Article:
Now for those of you who have already read the book, you maybe be wondering why I am talking about this topic. After all there aren’t even two main female characters, only Miller’s step daughter, Sheila Forrest. But the other woman I had in mind was the female protagonist of another Halter novel, The Seven Wonders of Crime, Amelia Doll. Something I have pondered is whether dolls are a recurring motif in Halter’s work. The very word is Amelia’s surname and in The Seventh Hypothesis Sheila is described as ‘a living doll’ and as ‘a real doll with jet black hair.’ Having only read these two novels I cannot say if there is a similar motif in Halter’s other works, though if there was, it makes me wonder why he has chosen to describe his comparatively fewer female characters in this way. Dolls also recur in this book in another way but explaining how may constitute as a spoiler, so you’ll just have to read the book to find out.
A criticism which has been levelled at Halter’s work is that characterisation is not one of his main strengths, with his characters sometimes coming across as 2-dimensional. However, this story contains characters which are more fleshed out (although not Sheila). The psychology of the characters is bizarre but works quite well and helps to add to the characterisation of the text. Moreover, I liked how the story looks at the slippery nature of identity and how much it can be based on or altered by external features. The second section of this novel in particular emphasises the artificiality of identity. Furthermore, although a plot focused writer I found it interesting that Twist near the denouement of the book says to Hurst about the case that, ‘we’ve been looking at this from the wrong angle, from a mathematical angle. We’ve been following the trail I cautioned against from the start and, dazzled by the plethora of criminal combinations, we’ve lost sight of the essential: the human factor.’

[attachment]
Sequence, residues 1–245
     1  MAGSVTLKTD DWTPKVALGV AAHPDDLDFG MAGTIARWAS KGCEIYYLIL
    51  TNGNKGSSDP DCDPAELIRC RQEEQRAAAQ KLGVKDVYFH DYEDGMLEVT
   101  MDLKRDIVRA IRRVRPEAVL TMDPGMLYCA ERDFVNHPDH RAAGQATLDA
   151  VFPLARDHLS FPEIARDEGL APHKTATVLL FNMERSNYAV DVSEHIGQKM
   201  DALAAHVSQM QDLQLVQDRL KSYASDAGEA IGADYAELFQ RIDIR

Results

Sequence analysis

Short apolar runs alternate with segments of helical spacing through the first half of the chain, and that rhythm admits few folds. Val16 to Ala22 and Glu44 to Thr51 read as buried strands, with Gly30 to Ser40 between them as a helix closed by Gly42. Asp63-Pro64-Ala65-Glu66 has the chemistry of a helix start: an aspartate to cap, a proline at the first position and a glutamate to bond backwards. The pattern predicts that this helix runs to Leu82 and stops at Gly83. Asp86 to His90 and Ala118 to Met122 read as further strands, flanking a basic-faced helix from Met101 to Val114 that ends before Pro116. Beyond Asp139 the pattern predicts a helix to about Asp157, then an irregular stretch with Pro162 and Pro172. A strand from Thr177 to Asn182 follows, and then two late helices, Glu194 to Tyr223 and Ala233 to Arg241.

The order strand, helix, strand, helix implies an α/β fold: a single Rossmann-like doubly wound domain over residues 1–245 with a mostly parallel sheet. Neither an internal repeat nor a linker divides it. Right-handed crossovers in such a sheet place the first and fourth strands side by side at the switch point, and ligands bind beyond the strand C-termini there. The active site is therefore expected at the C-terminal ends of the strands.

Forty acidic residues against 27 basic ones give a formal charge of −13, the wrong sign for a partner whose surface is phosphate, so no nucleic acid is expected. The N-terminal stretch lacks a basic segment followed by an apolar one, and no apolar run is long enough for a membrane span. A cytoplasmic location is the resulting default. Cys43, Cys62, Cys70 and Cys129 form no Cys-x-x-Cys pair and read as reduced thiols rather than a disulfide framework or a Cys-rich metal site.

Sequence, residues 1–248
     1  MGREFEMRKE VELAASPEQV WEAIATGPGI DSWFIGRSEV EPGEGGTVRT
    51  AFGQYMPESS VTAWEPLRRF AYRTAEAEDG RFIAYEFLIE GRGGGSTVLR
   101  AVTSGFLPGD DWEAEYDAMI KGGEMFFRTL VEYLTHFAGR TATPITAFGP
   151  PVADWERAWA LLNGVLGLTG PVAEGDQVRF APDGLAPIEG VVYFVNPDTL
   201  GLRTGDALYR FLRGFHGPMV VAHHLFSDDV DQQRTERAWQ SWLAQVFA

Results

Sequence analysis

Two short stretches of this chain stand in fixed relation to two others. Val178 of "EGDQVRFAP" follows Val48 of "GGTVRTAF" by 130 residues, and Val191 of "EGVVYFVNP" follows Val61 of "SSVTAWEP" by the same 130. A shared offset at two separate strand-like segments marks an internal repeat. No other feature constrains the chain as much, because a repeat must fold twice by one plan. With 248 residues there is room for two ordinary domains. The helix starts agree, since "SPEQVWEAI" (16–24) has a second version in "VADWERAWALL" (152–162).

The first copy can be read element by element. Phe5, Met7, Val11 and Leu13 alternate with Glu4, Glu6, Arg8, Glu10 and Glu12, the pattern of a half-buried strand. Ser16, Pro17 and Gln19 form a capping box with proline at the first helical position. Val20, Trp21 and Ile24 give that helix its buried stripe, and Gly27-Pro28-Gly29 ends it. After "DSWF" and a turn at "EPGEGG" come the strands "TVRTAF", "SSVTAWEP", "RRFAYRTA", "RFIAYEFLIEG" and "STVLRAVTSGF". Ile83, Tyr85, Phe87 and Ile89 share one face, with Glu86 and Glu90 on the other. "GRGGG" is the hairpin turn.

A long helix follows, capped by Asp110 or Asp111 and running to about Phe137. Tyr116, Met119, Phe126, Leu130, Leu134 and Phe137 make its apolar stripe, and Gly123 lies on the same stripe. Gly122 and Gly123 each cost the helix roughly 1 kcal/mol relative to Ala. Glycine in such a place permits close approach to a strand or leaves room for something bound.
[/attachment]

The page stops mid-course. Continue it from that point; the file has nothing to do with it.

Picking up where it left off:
Twist and Hurst’s partnership does have a slight Holmes and Lestrade feel about it, though I think they are much less competitive and antagonistic towards each other. Their good friendship is visible in their humorous interactions. I also noticed that a couple of times Twist has a few descriptive links to Christie’s Hercule Poirot as firstly like Poirot, Twist has an impressive moustache and secondly Twist says to Hurst that, ‘Your little grey cells are working overtime today, my friend!’ Golden Age detective fiction references also crop up with the main suspects in this case, Miller and Ransome, who are depicted as quite formidable opponents, ‘as crafty as a barrel of monkeys and… as perceptive as Holmes, Fell and Poirot combined!’
I found the setting of this story intriguing as its 1930s London, but still made to feel much more Victorian by the characters. One is also quite reminded of Poe’s work in the macabre and the atmospherics are good in this story, but not overdone. Readers are definitely taken on a surreal experience in this book but it is one which kind of works, with the reader trying to decipher what information is hoaxing or genuine and also trying to figure out the illusions which are being played on both us and the detectives. Halter is adept at leaving cliff hangers at the ends of his chapters. I did prefer the solution of this story compared to the one in The Seven Wonders of Crime, but I did wonder whether there were too many twists in the story, making me less stunned by the solution than I thought I would be. Did the extraordinary number of twists push my expectations too high? I also feel the motivation behind the crimes was a little bit imposed and that the role of one of the character’s in the solution wasn’t well prepared for and therefore felt like it came out of nowhere. But if you are in the mood for being bamboozled then this is definitely the book for you.